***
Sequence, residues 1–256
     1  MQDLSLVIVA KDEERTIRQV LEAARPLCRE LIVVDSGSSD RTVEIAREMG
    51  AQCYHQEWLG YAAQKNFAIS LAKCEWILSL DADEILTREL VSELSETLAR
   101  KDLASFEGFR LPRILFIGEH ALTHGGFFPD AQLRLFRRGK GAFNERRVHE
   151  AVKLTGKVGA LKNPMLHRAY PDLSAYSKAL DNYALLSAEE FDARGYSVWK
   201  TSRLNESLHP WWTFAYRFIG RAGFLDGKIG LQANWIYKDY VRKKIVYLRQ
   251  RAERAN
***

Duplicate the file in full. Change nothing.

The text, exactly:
Sequence, residues 1–256
     1  MQDLSLVIVA KDEERTIRQV LEAARPLCRE LIVVDSGSSD RTVEIAREMG
    51  AQCYHQEWLG YAAQKNFAIS LAKCEWILSL DADEILTREL VSELSETLAR
   101  KDLASFEGFR LPRILFIGEH ALTHGGFFPD AQLRLFRRGK GAFNERRVHE
   151  AVKLTGKVGA LKNPMLHRAY PDLSAYSKAL DNYALLSAEE FDARGYSVWK
   201  TSRLNESLHP WWTFAYRFIG RAGFLDGKIG LQANWIYKDY VRKKIVYLRQ
   251  RAERAN